Now I was REALLY on the verge of quitting.  First the fabric was torn too small, the batteries put my hands and fingers in sheer agony, not to mention THREE broken fingernails, and now the paint was nothing more than a blob of nearly dry nastiness.

But I had come this far, and was not planning to give up!  Always the optimist, I threw the Tulip paint in the trash and got out every bottle of "Scribbles" and its counterpart, and tested the first few bottles.  After much coaxing, I finally got the paint to flow.  Not a bad deal, since I got all those "Scribbles" and a generic equivalent at my friendly Household Hazardous Waste Swap and Shop, where all supplies (10 max per month) are free if you live in the county.

This may not look like a rousing success, but I was thrilled.  After all, I had SO much time and energy invested in this already, it was a real joy to see anything positive.

Of course, as I was trying to coax the paint from the bottle, I squirted it all over the side of the "lid," along with my hand and arm.  It was time to take a much needed break and give myself an attitude adjustment and a quick shower.  I was SO glad I took that much needed break, because when I went back,

I made all these (except the upper left square I made earlier).  Some were better than others, some I liked better than others, and the bottom three were still wet, but all were finally finished and I was incredibly pleased with my accomplishment.

Please click on this photo, because I didn't crop or resize it so you could see some of the detail.

Sometimes I work on projects I have no immediate plans for.  But rest assured, these pieces will find their way into something I make in the days or months ahead.  It's always good when the spirit (or magazine article) moves me, to make a few extra pieces that I know will come in handy at some point in my altered art journey.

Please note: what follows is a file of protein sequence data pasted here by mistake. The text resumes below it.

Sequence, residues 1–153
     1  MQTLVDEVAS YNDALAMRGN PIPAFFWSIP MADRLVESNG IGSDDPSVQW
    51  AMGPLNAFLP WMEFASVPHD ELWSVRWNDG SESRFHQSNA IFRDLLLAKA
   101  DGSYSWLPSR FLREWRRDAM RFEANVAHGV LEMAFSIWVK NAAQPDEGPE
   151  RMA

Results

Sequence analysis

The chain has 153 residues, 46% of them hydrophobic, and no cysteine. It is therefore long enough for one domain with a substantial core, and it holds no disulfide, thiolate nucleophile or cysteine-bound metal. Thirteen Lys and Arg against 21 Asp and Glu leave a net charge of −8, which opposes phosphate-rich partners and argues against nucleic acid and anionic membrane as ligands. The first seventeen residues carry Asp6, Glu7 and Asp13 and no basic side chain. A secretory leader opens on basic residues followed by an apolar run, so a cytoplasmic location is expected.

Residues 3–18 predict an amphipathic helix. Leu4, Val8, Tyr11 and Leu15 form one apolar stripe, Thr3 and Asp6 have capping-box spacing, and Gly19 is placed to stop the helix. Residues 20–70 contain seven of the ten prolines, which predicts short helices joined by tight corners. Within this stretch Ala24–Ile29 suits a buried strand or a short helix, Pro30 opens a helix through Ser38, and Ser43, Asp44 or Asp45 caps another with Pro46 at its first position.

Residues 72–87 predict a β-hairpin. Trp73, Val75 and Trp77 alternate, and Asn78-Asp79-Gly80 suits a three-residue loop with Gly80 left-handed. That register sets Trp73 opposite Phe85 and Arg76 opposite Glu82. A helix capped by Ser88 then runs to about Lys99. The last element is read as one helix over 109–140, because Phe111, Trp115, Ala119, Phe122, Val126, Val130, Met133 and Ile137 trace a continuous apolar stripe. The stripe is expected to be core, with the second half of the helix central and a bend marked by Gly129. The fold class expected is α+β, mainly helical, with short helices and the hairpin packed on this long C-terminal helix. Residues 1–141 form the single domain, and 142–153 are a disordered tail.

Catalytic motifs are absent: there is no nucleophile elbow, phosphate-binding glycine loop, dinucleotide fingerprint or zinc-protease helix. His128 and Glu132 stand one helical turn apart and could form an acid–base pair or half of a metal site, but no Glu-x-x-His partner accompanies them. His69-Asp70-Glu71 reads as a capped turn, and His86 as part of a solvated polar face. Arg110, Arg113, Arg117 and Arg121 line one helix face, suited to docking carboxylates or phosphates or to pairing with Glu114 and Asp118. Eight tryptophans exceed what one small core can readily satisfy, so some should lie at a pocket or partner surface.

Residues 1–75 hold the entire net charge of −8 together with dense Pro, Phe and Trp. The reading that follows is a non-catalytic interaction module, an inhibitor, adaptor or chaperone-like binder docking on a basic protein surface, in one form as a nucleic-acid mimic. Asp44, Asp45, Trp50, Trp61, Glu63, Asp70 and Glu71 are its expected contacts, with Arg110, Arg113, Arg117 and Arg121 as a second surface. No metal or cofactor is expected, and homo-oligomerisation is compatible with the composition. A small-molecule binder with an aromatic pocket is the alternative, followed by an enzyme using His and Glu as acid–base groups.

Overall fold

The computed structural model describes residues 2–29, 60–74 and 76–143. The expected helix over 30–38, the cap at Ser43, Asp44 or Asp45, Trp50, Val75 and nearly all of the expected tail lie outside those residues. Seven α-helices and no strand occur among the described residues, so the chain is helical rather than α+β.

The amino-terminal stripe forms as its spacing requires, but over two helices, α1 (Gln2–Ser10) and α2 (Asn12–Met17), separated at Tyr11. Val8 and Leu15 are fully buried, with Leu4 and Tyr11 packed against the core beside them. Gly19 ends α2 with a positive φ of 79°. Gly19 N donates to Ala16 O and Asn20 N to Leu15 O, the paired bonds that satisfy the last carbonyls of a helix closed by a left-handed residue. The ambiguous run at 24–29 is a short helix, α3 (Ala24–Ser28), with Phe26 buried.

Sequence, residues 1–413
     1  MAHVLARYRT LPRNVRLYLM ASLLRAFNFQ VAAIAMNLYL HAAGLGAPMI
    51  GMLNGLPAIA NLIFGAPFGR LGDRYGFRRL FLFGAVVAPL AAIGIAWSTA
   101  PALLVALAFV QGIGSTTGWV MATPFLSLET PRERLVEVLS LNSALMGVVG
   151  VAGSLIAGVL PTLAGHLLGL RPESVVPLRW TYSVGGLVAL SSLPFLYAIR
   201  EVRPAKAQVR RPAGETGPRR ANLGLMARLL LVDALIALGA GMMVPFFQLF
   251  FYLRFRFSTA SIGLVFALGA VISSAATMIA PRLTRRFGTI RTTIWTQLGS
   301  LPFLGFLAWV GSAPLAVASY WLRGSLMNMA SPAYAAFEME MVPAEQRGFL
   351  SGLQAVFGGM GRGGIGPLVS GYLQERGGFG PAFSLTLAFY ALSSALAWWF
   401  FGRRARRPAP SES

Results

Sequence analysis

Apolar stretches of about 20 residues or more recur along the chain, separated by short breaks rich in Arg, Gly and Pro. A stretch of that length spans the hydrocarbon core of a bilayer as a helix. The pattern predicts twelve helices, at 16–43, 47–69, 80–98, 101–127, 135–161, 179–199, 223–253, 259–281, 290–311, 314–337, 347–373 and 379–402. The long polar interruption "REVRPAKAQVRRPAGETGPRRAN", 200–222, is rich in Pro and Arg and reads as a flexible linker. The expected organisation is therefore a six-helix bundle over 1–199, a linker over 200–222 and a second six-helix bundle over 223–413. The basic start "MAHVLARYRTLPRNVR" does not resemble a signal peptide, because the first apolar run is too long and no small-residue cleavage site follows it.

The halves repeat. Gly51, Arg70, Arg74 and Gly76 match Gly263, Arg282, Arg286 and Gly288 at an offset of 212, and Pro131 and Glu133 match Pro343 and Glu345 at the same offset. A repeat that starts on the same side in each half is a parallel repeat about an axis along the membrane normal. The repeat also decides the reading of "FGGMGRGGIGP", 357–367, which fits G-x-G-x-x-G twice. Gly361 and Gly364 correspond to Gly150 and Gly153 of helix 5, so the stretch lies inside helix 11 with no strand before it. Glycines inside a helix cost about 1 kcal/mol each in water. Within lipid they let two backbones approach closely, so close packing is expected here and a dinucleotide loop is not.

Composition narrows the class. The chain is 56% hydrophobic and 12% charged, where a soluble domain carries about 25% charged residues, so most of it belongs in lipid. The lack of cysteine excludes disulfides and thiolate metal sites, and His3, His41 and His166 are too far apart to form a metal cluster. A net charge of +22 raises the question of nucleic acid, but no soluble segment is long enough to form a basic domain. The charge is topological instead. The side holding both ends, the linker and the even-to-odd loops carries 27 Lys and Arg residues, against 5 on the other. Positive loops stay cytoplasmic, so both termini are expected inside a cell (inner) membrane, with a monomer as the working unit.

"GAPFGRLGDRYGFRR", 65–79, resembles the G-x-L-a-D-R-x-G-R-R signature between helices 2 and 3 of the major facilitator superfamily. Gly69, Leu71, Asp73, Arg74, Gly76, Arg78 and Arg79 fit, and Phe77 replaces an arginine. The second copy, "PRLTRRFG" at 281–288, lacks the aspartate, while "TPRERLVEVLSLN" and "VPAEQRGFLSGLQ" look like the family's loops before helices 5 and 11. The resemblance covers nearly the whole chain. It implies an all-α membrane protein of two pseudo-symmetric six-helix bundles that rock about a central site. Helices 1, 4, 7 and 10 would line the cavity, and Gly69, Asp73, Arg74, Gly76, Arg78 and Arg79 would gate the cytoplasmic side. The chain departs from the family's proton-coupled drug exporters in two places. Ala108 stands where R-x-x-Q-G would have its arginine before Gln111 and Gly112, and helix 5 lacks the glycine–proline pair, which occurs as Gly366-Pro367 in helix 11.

This is Day 28 of AEDM.  Are there times you have kept making or reworking art, even when you weren't sure it was in your best interest?

9 thoughtful remarks:

Craftymoose Crafts said...

I remember my daughter making these on paper--what a fabulous idea to create a similar thing on fabric. I know you will put these to great use!

I have used fabric paint on some of my aceos and also on the lid of a wood box, creating the effect with toothpicks!

elle said...

That is the coolest thing I've seen in a while!

see you there! said...

Never heard of a Twirl O Paint. I like your fabric pieces and have no doubt you will use them effectively at some point.


Gaby Bee said...

What a cool idea, Elizabeth. Your fabric pieces look absolutely stunning! I'm curious what you do with them.

Have a great day!
Gaby xo

fairy thoughts said...

Ah this remind me of school (long time ago). the detail is fab, i especially like the yellowy/green and black one... what are you going to make with them
janet #26

Carola Bartz said...

Wow, these look really cool, I like that. I'm afraid I don't have the patience to even try this, but it's nice to look at. And about your first project in this post - I have had some of those experiences as well, I start something, even take photos, then all my interest and inspiration go out the door. However, if I take it out way way later then I might feel inspired again.

~*~Patty S said...

Your bed sheet idea is a brilliant one...I am on the look out for some!

Your whirly paint designs certainly are unique and lovely!

Some projects just take time ...

Rita said...

I remember doing this at the fair when I was a kid! Best fun ever! :)

Susan said...

Woh they look sooo cool!! And fun :)